Delaney: There were two main reasons...when ESPN launched ESPN U and 360 we noticed more of our games were migrating to a narrower platform. (emphasis added). The second deals with the syndication of basketball games and that it was harder to get some of the games on. [Delaney additionally commented that the network was created to expand events and make them available to more people]. It's really about promoting the institutions and the brands. The channel will offer deep coverage of the institutions. [Delaney concluded by talking about specific programming on the channel including a highlight show - he compared this show to SportsCenter and how, instead of seeing a 7-10 second clip of a football game, viewers would get 7-10 minutes ].

Tirico: You're going to have what we have, but on a regional basis...? (emphasis added).

Delaney: No doubt about it. (emphasis added). [Delaney added that, in the long term, the network will allow the conference to build its brand and teams].

Jacobson asks about a conference championship game for football.

Delaney: We can't have a conference championship without a 12th team [Jacobson then asks about expansion]. It's possible in the long, long run. The game has the potential for marketing and fan appeal, but it will not drive expansion. Expansion will be driven by a schools that fits academically, is competitive, and adds the conference's marketing appeal. We haven't identified that institution.

Jacobson asks about moving conference games for football later into the season (e.g. after Thanksgiving) to avoid a repeat of last year's voting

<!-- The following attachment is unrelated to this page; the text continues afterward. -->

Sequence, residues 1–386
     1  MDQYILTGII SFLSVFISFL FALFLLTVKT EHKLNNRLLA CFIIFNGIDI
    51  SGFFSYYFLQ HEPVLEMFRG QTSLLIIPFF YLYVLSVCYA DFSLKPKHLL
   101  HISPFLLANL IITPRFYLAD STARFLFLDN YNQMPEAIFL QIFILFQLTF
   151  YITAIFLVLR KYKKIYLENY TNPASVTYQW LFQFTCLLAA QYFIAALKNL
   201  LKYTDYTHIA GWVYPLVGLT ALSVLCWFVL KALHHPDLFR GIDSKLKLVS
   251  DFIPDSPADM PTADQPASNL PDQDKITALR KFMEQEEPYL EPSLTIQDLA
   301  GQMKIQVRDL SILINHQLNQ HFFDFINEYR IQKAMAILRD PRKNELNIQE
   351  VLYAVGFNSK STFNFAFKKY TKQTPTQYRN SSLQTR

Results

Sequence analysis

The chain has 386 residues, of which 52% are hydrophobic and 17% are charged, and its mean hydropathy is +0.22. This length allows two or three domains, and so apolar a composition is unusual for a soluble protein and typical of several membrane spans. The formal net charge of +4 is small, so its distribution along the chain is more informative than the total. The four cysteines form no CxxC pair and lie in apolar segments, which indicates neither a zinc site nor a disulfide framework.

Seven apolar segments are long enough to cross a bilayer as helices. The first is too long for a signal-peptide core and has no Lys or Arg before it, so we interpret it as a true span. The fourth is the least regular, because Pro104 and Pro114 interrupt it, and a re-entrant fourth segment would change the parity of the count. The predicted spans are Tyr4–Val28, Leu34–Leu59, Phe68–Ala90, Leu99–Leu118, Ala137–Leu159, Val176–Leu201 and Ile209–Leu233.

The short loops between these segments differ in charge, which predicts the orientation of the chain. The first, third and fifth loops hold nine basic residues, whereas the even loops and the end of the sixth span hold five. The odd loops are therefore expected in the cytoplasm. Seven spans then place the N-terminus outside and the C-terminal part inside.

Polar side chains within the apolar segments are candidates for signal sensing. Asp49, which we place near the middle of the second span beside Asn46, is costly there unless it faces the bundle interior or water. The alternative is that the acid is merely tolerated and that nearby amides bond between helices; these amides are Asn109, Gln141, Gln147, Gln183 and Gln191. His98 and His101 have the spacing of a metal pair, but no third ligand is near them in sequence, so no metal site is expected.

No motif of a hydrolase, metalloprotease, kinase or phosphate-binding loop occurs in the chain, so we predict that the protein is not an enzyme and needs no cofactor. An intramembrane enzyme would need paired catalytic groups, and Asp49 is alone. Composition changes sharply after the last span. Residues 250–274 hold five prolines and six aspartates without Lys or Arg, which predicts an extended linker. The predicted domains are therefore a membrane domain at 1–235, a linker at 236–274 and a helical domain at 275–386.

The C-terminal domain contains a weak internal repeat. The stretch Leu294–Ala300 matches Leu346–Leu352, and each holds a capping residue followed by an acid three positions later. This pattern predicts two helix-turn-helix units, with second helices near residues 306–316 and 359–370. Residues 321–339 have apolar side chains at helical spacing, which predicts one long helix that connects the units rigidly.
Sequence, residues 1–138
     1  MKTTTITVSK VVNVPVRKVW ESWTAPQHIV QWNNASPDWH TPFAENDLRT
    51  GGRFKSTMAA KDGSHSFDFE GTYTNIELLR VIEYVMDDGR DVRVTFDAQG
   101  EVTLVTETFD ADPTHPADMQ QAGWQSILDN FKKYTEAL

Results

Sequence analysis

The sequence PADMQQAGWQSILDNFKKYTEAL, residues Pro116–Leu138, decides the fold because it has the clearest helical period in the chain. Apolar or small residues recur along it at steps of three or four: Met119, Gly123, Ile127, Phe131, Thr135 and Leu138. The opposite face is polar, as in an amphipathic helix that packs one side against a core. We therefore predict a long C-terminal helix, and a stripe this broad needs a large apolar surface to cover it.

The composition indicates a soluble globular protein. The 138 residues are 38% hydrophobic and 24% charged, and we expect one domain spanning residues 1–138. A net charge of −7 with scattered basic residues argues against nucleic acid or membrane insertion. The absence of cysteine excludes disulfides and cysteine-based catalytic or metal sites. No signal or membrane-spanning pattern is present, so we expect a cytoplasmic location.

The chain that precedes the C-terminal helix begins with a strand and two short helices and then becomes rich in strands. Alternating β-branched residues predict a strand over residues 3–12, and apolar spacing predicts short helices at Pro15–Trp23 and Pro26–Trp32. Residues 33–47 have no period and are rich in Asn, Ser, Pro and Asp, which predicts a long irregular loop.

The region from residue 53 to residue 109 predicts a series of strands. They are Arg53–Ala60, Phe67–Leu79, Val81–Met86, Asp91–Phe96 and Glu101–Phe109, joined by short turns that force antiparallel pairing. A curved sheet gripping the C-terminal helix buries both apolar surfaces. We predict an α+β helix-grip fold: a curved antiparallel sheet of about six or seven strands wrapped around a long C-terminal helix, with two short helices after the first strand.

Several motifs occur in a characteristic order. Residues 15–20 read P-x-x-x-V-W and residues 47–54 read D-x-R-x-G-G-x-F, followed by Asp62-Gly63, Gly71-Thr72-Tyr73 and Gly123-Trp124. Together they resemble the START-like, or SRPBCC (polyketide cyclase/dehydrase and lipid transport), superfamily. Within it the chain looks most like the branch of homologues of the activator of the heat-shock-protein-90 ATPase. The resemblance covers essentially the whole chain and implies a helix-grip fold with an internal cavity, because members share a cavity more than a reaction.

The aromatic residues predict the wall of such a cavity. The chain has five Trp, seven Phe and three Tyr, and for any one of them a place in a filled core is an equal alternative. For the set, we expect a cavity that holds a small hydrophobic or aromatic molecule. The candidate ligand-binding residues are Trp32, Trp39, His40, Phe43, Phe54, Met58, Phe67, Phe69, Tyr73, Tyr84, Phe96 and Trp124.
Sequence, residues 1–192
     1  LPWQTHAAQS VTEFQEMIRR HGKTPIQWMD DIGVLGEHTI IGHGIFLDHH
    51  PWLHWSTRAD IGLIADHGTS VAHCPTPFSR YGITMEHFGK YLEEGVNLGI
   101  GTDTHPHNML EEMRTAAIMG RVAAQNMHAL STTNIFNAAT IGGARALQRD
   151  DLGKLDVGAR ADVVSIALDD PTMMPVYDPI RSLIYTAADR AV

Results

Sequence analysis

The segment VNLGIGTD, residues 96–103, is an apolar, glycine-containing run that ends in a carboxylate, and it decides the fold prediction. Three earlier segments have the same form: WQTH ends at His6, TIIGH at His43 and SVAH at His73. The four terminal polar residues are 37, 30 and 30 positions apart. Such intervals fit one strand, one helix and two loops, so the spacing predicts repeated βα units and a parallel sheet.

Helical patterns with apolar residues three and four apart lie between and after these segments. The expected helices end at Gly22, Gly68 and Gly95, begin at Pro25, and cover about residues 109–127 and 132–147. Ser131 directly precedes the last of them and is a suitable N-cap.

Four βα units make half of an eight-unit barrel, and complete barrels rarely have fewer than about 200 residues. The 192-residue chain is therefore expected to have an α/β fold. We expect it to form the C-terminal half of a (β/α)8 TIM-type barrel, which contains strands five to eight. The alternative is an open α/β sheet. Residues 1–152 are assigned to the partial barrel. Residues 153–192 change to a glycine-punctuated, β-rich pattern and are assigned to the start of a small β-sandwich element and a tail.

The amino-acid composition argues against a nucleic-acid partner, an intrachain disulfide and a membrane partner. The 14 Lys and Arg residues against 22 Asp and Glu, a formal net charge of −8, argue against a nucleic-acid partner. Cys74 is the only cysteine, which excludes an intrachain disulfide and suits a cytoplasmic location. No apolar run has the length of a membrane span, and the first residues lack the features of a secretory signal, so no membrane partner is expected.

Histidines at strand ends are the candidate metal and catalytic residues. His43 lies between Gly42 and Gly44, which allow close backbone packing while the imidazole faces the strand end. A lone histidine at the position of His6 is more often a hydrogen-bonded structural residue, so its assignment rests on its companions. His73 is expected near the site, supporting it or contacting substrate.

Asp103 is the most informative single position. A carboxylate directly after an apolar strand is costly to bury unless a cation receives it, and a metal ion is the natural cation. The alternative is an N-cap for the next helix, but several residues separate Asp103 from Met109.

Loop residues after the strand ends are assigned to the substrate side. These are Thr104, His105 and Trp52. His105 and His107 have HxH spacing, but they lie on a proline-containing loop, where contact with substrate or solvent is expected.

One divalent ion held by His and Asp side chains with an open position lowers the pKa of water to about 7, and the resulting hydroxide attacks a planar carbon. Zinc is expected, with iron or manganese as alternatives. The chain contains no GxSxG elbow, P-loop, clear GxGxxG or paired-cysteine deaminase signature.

[Delaney began by praising Florida and USC for their performances against Ohio State and Michigan]. The reality is that 11 schools want a bye and 6 don't want the schedule to extend past Thanksgiving [I don't know how this works because 11+6=17...my assumption is that there are schools that want both the bye and season to end before Thanksgiving]. The other option is to start earlier in August but that would require NCAA rule changes and that is unlikely. We are exploring changing the schedule where the schools who wanted to play after Thanksgiving could and the ones that didn't want to would not.

Delaney concluded the interview by saying that he does not believe there is widespread support for a (an?) NFL style playoff and that the "plus 1" might be an option but that the same problems would arise in the "plus 1" situation as does right now.

As expected, Carr's interview was bland and non-informative - hell, he wouldn't even answer Jacobson's question about if Carr was using a book or any other non-football item, like he did in 1997, to motivate the team. On the other hand, the interview with Delaney was comical, in a sad way. Delaney cited Big Ten games moving to smaller platforms as his reason for starting the Big Ten Network but his unwillingness to accept less for the channel threatens to re-create what Delaney set out to solve! Even more comical was his admission that the channel is regional and appeals to mainly Big Ten fans (who predominately live in the Midwest). That's not going to help in negotiations with Comcast.

I'm not going to go into who I think is right and who is wrong - I think the blame is on both. I think Delaney and the Big Ten are taking a ridiculous position by overvaluing their asset. Comcast is the Devil. We've all come to the conclusion that there's going to be no movement by the end of this week and that's why I'll be in a smoke filled bar at noon on Saturday.